1. Bloke down the pub permalink
    October 21, 2015 8:44 pm

    OT, but I’ve been watching Iain Stewart’s Planet Oil on BBC4. My tv has been lucky to survive having something thrown at it after all the usual bs about peak oil and cagw, but at least he included a part on the future of Thorium as a fuel.

  2. Graeme No.3 permalink
    October 22, 2015 6:29 am

    Most users use oil to produce power and waste heat is a consequence.
    The BBC uses the money from oil to generate hot air and gain power from that.

  3. Robin Guenier permalink
    October 22, 2015 7:37 am

    Thanks, Paul, for this excellent series of analyses – useful and interesting. As for western nations being stitched up, you may recall the Technical Summary of the IPCC’s AR5 WG3: Look at the graph at TS2 on page 43 (top graph RH panel). You’ll see the OECD (the blue block) was responsible for less than 50% of cumulative CO2 emissions from all sources from 1750 to 2010. It’ll be even less today. Perhaps the developing countries should be paying compensation to the west.

    • Bloke down the pub permalink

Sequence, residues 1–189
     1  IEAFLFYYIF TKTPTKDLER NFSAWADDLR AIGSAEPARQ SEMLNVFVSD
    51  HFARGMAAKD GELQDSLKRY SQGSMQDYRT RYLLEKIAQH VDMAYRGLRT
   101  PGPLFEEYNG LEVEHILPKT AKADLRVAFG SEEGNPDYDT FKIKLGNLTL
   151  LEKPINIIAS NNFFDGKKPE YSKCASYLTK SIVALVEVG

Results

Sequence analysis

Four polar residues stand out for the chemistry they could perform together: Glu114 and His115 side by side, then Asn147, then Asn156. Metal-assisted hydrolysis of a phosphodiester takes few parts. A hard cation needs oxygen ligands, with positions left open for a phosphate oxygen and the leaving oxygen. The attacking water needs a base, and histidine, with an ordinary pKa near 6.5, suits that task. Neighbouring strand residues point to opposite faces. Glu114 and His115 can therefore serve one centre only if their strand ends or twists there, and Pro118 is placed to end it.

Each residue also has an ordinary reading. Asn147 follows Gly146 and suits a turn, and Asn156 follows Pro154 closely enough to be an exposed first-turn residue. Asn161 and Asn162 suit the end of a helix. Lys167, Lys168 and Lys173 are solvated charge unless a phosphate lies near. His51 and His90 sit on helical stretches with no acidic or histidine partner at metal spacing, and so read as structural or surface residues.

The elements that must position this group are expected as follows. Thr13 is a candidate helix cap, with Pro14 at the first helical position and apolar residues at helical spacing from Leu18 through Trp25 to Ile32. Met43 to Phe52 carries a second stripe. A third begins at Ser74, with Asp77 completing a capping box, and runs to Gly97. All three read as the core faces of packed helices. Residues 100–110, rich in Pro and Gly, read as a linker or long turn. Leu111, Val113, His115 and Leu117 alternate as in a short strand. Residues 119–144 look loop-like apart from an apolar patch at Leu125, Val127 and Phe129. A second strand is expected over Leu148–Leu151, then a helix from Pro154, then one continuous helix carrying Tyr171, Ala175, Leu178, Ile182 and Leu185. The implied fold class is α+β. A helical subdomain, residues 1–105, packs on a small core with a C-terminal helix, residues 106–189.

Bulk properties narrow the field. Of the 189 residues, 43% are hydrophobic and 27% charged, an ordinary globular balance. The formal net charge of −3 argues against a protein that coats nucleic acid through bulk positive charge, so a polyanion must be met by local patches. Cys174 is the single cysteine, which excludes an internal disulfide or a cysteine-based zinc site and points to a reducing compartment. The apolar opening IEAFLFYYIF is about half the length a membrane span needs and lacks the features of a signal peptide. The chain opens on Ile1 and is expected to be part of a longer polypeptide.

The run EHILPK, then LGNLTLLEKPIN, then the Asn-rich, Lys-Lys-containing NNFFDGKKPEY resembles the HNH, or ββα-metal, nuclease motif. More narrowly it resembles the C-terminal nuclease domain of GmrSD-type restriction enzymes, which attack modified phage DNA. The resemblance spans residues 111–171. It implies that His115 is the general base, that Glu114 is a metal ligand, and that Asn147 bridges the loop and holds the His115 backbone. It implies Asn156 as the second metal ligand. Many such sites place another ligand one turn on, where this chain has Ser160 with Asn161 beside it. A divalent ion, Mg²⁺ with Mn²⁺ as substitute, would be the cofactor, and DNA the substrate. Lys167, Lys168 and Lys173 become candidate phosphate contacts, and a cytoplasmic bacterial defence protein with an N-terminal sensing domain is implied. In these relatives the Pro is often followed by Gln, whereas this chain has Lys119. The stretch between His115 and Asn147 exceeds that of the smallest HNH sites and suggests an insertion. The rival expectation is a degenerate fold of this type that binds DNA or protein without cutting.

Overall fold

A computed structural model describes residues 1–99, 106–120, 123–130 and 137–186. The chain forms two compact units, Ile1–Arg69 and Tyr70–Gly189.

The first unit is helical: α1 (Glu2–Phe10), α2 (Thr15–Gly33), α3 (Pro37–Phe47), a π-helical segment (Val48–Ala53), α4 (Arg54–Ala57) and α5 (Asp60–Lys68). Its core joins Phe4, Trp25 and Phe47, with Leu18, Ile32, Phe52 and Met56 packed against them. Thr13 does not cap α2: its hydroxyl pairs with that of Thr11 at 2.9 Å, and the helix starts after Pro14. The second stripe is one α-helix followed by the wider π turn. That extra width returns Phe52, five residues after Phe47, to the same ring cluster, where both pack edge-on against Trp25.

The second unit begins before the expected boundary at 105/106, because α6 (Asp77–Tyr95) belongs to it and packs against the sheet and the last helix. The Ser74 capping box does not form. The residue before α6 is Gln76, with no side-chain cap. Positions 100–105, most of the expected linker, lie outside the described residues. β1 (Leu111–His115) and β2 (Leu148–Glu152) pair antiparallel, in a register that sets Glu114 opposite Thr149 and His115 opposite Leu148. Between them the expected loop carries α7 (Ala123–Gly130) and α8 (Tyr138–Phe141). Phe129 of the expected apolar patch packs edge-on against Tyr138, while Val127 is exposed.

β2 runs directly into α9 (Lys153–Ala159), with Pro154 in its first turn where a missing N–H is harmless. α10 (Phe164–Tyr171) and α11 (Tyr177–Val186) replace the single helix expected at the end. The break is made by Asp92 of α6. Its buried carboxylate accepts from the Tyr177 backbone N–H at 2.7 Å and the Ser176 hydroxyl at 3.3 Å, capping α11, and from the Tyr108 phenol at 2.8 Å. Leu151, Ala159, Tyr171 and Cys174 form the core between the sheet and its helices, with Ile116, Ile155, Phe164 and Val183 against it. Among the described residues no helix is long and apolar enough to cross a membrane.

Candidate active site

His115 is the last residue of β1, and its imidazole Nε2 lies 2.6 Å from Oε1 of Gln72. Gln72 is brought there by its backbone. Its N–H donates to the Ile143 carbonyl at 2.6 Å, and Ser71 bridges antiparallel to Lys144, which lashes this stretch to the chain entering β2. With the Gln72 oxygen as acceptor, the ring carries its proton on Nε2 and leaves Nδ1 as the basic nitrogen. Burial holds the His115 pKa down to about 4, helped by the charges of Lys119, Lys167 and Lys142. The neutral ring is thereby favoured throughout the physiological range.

October 22, 2015 10:11 am

      You could make a case that the benefits to humanity from the earlier use of fossil fuel, such as steam powered railway networks, was more significant than its later worldwide expansion.

  4. October 22, 2015 8:07 am

    Every country’s ‘climate plan’ is a joke because they will all make zero measurable difference to ‘the climate’.

  5. igsy permalink
    October 22, 2015 10:02 am

    When you really dig into the mindset of a hardcore alarmist/activist (I don’t do this anymore on doctor’s orders), you’ll be quite likely to find an ingrained philosophical belief in the ultimate desirability of an equal emissions budget for all. Many/most propose this is implemented only once the developing world has reached cumulative per capita emission levels equivalent to that of the developed world to date, or, preferably, once reparations have been paid equal to the supposed trillions of dollars worth of harm the legacy “excess” western emissions are supposed to have caused. There is a belief that that would be “fair”, or “justice”. Really. I have had these conversations.

    So the fact that the “Climate Plan” of many non-western countries is a joke won’t faze these guys in the slightest. All part of the “plan”.

    • October 22, 2015 11:52 am

      This is referred to as “equally shared misery.” These folks are miserable and hope to feel better when all are made to feel equally miserable. I cringe at the use of “fair,” because it means all are the same and must be brought to the lowest common denominator.

    • michael hart permalink
      October 22, 2015 3:17 pm

      ..and you know what?.. even if we could afford to pay all those ‘reparations’, then the recepients would still go and spend the money on SUVs and air conditioning.

      CO2 emissions will continue, whatever is agreed in Paris. And the apocalypse is still refusing to tun up.